Perhaps you have heard of a couple of baby powder lawsuit cases in the news? In October 2016, a St. Louis jury awarded $70 million in a case against Johnson & Johnson. The details of the complaint? That Johnson & Johnson’s talcum powder caused ovarian cancer in the plaintiff. Johnson & Johnson, however, continues to assert that there is no evidence to link their talcum powder product to health problems. In this instance, the jury was convinced otherwise.
This case is just one of 2,500 similar claims made by women and families who assert they have been harmed by talc powder. As early as 2009, a lawsuit was brought against Johnson & Johnson linking talc use and ovarian cancer. In the first case of its kind, the plaintiff, Diane Berg, was diagnosed with ovarian cancer at the young age of 49. She had been sprinkling her underwear with talc powder for most of her life to absorb bad smells. In 2013, Johnson & Johnson offered her an out of court settlement to the tune of $1.3 million. But a confidentiality clause was part of the deal. Diane Berg refused. In the end, while she did not receive any compensation, the jury’s verdict was in her favor. After all, even the company that supplies Johnson & Johnson with the talcum product had been labeling talcum as a cancer risk for over 20 years.
With all this controversy, what do medical experts have to say about the talc powder controversy?
Increased risk of cancer due to talcum powder use
Studies have not been extensive regarding whether talcum causes ovarian cancer. But research suggests that if talcum powder particles travel through the vagina to the ovaries there may be an increased risk of ovarian cancer. Because talcum powder was originally marketed as a scented powder for use on diapers and sanitary napkins, talcum’s contact with the genitals is not far-fetched. Even today it is still used in condoms and diaphragms to reduce friction and on baby skin to absorb bad odors and prevent heat rash.
Warnings regarding the risk of talc and the link to cancer were first published back in 1971 and these findings were reaffirmed in 1992. The Obstetrics & Gynecology report stated that regular use of talc on a woman’s genitals enhanced risk of ovarian cancer by 30 percent. This report published in ’92 did not call out Johnson & Johnson’s brand specifically. But rather any generic brand of baby powder containing talc. Anticancer Research, a medical journal, published a meta-analysis in 2003. In it, they reviewed 16 previous studies involving 11,933 women. Their research confirmed that there was a 33 percent increased risk of ovarian cancer when talc was in use.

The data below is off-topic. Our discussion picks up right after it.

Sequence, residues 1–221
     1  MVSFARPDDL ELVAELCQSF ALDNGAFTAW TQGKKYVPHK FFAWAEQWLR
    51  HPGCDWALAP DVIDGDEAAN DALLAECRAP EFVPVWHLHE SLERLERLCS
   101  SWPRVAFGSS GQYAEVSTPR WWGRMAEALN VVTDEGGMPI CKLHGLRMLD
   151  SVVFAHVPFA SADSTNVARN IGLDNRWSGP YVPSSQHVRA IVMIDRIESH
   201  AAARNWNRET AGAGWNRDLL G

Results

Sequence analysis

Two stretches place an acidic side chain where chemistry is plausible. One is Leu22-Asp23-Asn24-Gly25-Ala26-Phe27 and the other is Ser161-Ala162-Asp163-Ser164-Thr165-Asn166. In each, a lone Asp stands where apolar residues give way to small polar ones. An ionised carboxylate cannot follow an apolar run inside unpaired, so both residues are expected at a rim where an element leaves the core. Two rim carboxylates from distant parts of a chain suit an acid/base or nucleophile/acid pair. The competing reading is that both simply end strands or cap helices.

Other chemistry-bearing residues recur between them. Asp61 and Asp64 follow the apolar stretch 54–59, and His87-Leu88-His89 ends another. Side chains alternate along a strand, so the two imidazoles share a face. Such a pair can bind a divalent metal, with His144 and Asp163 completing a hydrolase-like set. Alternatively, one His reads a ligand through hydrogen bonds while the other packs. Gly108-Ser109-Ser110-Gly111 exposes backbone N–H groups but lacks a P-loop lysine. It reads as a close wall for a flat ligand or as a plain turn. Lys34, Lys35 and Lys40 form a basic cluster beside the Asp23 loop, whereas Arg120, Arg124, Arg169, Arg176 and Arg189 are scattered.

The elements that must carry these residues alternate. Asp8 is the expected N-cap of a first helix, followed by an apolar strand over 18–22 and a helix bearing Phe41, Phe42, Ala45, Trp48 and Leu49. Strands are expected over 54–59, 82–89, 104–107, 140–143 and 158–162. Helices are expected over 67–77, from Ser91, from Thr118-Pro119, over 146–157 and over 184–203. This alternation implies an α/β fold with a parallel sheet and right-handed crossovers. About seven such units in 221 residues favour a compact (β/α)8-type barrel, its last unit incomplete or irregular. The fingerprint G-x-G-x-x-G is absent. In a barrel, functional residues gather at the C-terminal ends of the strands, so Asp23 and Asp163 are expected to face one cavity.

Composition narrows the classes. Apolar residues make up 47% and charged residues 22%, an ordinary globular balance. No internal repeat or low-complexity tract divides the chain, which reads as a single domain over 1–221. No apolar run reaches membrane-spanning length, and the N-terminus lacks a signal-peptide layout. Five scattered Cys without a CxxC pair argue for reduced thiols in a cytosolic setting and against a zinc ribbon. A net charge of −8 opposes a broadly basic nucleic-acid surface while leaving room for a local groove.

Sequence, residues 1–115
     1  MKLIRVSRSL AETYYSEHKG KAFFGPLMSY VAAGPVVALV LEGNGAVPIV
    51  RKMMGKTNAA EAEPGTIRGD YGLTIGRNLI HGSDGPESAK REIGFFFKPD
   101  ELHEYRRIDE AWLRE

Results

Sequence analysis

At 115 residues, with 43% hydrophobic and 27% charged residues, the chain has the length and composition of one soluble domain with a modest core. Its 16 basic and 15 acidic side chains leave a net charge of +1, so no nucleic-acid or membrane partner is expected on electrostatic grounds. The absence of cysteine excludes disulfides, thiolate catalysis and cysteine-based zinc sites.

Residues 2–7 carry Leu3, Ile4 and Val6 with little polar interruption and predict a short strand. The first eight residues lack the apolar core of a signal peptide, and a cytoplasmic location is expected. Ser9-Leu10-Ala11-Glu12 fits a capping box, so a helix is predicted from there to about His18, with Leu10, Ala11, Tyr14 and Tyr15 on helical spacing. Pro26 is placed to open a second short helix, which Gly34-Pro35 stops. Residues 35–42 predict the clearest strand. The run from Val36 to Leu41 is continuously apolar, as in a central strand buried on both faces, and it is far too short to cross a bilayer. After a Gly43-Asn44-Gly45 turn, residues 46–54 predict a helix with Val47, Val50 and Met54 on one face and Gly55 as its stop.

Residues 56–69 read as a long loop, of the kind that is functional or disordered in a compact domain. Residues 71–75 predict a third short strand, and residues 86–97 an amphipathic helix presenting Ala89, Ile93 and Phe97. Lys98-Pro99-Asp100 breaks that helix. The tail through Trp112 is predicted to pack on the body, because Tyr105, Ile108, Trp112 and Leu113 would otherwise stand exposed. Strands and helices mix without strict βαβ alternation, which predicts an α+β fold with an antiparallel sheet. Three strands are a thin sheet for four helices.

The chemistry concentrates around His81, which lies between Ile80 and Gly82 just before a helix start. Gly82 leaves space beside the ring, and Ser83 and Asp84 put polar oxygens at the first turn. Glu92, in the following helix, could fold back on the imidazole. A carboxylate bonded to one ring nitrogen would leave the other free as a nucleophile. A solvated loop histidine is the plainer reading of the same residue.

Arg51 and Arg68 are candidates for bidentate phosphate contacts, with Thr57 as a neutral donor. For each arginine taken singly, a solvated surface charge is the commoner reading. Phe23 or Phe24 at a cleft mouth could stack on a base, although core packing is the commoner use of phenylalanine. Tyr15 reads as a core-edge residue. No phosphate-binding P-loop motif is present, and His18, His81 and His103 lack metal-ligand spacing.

What is the expert position on talc use?
National and international agencies provide needed counsel and advice in cases like this. For instance, the American Cancer Society’s official stance is based on evidence collected by the IARC (International Agency for Research on Cancer). The IARC is also part of the WHO (World Health Organization). So it is a nationally and internationally recognized expert on the topic of carcinogens. So what is the IARC’s take on this? It does in fact consider talc carcinogenic to humans. Further, based on evidence from human studies of a link to ovarian cancer, IARC classifies the genital use of talc body powder as also possibly carcinogenic to humans.
It is not worth the health risk to continue using talcum powder if there is a chance that doing so could increase your risk of ovarian cancer. Instead, medical health professionals suggest the use of cornstarch to achieve that powder freshness. Some other alternatives include Burt’s Bees Baby Bee Dusting Powder, aside from California Baby Non-Talc Calming Powder and Avalon Organics Cornstarch Baby Powder. These aforementioned baby powders are all talc- and risk-free.
Article Submitted By Community Writer